Monday, the day that Martin Luther King Jr.’s birthday is observed, marked a historic day for filing a claim in the Pigford II settlement. Farmers and former farmers traveled from all over North Carolina to the American Tobacco Campus in Durham to take advantage of free legal help in filing a claim in the most recent settlement. Troy Murray is a former farmer from Duplin County, NC that will be filing a claim and he lays the groundwork for what prompted the lawsuit by Timothy Pigford:
“The Pigford settlement is where the black farmers filed a claim against the USDA about racial discrimination especially where white farmers in the area were getting loans and black folks was denied loans strictly basically because of their race.
Many, many farmers were getting loans but it was telling us there were no funds available and they weren’t accepting applications at this time, so a lot of black farmers was forced out of the farming business.”
Murray explains the progression of events that drove him out of farming:
“I actually applied for a loan to continue farming, farming has been in my family practically all my life, still some of my people is still doing some small farming, but it got to the point where we couldn’t compete with the bigger farmers because we didn’t have the equipment and we couldn’t’ borrow no money to update our equipment. Trying to do 50 acres of corn and 10 of tobacco with a one-row tractor and a stick barn it got too costly and we were forced out of business. And after that we began loosing our land because we couldn’t afford to maintain it and pay taxes on it. so, we had to take other jobs, which you know were one-tenth what you could make farming if you got the same opportunity that most of the other farmers got.”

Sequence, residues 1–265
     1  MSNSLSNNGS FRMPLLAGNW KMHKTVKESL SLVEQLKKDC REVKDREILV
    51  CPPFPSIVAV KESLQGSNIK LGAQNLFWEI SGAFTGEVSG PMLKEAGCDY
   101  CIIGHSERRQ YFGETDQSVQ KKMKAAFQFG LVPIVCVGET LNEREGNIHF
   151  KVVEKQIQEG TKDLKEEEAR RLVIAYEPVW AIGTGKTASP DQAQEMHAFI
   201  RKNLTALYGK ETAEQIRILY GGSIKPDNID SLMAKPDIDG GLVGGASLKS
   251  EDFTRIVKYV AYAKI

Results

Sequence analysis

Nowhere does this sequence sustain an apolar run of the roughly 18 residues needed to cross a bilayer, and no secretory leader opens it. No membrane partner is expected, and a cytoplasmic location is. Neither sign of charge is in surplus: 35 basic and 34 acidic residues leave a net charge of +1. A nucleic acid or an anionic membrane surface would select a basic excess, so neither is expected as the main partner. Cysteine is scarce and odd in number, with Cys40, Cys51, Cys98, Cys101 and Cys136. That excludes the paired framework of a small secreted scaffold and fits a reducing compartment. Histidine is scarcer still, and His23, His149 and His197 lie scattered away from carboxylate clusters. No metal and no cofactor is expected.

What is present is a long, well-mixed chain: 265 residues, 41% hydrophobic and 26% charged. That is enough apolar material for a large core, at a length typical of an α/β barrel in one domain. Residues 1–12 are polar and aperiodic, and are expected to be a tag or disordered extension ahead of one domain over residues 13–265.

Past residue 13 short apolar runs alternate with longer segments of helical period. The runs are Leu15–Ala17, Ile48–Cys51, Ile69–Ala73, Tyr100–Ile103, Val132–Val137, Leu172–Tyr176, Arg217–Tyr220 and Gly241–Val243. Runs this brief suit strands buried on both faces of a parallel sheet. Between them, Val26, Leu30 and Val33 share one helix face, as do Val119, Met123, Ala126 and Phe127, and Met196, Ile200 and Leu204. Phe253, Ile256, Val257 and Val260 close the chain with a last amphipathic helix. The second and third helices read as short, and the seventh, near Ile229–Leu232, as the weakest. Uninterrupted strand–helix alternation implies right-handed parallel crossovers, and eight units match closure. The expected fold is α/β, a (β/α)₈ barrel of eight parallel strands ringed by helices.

As far as discrimination in the loan process, Murray says he believes it’s still alive and well:
“We been scared for long…most of us is being offered $50,000, and it sounds like a lot of money, but it’s not a lot of money, I mean after you catch up on so many things that you need to catch up on, you’re right back where you started from, you could have made a decent living farming if you could have got that loan. But, nobody’s mad because that’s just the way it is, it happened that way. And we’re still being discriminated against, people…I don’t think we can get $80,000 from nobody, from USDA, from nobody else, right now, as we speak. So, discrimination is still out here, it just kind of covered up a little bit, but it’s still here.”
When it comes to receiving funds from the Pigford settlement, Murray says it’s a start, but not a cure:
“Hopefully, hopefully this will start some of the healing, but it can’t stop the hurt, because, like I said you riding by the land that you and your family used to own and somebody has got it and making money off of it. a lot of people’s putting trailers and stuff on your land that you used to own and you had to sell it but for keeping one acre because you couldn’t afford the rent.”
The group of lawyers helping people file their claims took the project to South Carolina on Tuesday.